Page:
Does Your Small Business Have the Wrong Merchant Account?
Back before the world of ecommerce really took off, signing up for a merchant account to process card payments was costly and often difficult. Nowadays, everyone seems to be opening an online store and going into business for themselves.
That’s led to a revolution in the merchant services marketplace.
The good news is that is now easier than ever to find a card payment service whatever the size of your business. The bad news is that some SMEs are still not making smart choices when it comes to selecting the right provider.
The first mistake small businesses make is believing that all merchant services are the same. They pick the first one they come across, apply and start working with them without really understanding fully what they are getting into. That includes what fees they are expected to pay for credit and debit card payments and what happens if something goes wrong including who is responsible.
- Reading the Terms and Conditions: Surprisingly, this is something that many small business owners fail to do properly. They give the small print a cursory glance and sign up for their merchant service without being entirely sure what their commitment is. While many merchant services are reputable, this is a crowded market place and there are others who are not so concerned about your future success or delivering the kind of service you are looking for.
- Hidden Fees: When you sign up for a merchant service and start to discover a bunch of hidden fees being applied to your account, it can be very frustrating as well as costing you money. There are several reasons for this – the merchant service could be a new company and not have the right processes or transparency in place or you might have been deliberately deceived by the rep who dealt with you.
- Terms of Contract and Cancellations: These can vary in length up to about three years and means you are tied to that service for that set time. Cancelling your agreement can cost, if you decide to leave so it really is worth checking those T’s and C’s.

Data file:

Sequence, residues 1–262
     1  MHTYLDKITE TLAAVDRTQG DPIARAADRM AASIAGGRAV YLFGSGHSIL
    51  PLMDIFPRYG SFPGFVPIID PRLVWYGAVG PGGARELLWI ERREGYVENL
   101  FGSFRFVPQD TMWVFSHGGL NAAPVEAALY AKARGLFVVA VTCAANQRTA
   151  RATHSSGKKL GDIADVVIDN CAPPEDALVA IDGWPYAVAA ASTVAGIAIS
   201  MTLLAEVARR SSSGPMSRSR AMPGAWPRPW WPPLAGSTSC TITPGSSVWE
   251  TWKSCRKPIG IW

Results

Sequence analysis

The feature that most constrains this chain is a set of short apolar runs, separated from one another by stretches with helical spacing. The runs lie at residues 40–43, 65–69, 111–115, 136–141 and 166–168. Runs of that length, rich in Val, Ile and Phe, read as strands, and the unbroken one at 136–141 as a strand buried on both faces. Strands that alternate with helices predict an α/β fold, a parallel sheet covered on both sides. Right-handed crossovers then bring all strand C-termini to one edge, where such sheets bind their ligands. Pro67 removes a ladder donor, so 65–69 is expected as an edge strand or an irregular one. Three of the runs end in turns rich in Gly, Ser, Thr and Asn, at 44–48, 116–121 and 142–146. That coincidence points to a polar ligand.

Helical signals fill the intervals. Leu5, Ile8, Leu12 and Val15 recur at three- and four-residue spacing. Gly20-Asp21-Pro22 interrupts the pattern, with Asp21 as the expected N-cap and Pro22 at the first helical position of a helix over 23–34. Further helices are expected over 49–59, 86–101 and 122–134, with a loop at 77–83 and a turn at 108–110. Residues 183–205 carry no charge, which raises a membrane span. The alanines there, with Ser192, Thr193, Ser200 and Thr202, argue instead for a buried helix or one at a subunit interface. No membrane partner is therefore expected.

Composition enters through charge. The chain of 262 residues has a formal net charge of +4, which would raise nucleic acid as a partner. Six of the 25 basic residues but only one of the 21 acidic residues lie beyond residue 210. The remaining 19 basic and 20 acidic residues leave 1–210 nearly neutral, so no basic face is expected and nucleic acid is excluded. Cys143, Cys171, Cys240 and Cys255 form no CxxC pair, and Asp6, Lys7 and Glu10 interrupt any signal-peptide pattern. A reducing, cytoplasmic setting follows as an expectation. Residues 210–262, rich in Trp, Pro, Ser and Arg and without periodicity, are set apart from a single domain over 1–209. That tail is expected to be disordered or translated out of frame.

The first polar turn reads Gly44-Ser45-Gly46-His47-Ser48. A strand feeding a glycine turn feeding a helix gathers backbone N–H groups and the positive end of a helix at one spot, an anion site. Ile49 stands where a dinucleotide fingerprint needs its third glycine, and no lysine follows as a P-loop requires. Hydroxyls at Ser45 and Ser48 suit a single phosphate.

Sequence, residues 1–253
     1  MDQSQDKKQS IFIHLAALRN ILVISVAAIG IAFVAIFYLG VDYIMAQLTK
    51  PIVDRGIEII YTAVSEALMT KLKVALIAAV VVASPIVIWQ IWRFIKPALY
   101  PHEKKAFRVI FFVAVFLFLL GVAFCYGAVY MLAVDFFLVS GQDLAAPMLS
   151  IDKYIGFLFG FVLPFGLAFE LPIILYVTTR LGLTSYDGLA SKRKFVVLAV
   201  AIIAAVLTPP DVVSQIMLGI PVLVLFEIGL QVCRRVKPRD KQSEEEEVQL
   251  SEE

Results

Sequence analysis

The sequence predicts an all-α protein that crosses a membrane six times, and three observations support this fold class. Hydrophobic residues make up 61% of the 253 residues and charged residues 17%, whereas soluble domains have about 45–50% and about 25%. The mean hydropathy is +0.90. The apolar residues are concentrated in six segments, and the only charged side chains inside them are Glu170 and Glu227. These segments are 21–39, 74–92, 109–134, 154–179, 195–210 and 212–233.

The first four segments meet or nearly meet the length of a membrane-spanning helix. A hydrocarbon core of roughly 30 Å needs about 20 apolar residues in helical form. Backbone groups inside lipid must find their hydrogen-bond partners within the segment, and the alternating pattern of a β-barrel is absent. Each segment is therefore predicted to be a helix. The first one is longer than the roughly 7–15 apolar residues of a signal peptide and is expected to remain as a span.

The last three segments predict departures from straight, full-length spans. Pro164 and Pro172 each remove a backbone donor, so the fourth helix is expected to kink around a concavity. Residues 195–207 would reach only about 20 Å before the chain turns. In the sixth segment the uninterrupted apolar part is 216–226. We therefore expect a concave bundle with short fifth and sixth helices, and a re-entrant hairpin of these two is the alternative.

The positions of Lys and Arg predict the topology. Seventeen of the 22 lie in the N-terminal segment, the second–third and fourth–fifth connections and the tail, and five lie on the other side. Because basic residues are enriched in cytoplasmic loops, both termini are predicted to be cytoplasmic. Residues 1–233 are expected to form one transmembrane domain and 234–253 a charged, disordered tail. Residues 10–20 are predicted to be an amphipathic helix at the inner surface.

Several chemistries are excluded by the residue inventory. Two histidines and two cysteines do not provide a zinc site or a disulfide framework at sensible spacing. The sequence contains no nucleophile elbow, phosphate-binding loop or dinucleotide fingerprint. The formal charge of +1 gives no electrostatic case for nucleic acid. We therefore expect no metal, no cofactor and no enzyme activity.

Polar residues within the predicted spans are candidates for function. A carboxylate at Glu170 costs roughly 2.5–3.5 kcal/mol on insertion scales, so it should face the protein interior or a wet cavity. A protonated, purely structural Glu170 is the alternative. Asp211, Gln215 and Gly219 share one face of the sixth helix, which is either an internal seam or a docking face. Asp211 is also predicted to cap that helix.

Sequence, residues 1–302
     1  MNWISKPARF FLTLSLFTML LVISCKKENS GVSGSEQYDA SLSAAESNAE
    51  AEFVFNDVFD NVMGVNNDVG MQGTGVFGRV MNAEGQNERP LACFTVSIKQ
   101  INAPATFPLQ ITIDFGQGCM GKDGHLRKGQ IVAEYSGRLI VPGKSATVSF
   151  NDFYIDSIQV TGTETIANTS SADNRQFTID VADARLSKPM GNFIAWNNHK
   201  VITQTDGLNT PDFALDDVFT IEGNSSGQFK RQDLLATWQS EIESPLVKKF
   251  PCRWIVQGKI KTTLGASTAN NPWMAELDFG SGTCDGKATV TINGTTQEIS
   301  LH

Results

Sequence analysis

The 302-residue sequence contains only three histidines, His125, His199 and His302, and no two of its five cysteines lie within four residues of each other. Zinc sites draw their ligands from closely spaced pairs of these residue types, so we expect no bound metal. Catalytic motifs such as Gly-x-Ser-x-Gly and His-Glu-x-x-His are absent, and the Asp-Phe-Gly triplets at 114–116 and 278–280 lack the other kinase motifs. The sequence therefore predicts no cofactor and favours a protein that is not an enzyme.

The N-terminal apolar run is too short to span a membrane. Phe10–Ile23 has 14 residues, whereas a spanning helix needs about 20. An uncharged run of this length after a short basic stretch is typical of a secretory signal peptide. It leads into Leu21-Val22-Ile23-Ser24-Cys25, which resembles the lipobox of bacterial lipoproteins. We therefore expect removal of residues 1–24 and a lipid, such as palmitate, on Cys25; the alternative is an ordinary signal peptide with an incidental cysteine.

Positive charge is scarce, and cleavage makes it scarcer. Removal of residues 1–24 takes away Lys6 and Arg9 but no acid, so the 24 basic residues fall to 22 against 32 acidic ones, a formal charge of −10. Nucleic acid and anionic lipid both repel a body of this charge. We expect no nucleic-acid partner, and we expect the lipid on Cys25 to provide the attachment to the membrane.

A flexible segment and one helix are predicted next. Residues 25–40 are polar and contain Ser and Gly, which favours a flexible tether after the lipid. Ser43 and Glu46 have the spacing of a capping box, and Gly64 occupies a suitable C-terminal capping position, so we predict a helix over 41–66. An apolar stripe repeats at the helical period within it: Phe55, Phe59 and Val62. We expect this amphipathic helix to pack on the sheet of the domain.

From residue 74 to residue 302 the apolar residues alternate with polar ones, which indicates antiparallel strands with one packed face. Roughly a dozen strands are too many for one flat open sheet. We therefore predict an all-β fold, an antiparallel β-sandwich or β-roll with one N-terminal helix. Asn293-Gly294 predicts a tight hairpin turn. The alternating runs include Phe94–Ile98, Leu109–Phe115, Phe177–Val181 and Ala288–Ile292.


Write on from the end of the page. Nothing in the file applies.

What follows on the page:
- Commitment to Volume: When you sign up for a merchant service you may also have agreed to produce a certain volume of sales per month. This can change, particularly for small business that have, for instance, a dependence on seasonal trade. You are more likely to find this kind of restriction in the US than in places like Europe or Canada, where it is considered unfair.
There may be other reasons why you could have chosen the wrong merchant account. One of the biggest complaints in recent years has been the level of customer service these organisations offer. How easy is your merchant provider to get hold of? Did you get a professional and timely response to your query? If you’re frustrated at not being able to get a solution to an issue, you are not alone. Quite a few merchant services are failing in this area at the moment.
If you are concerned about your current card payment service and want to change, it pays to get some good, impartial advice. Acceptcardpayments.com was set up to do just that, enabling small businesses to get the right merchant service in place which is not only tailored to their needs but is flexible enough to change when that SME begins to grow and thrive.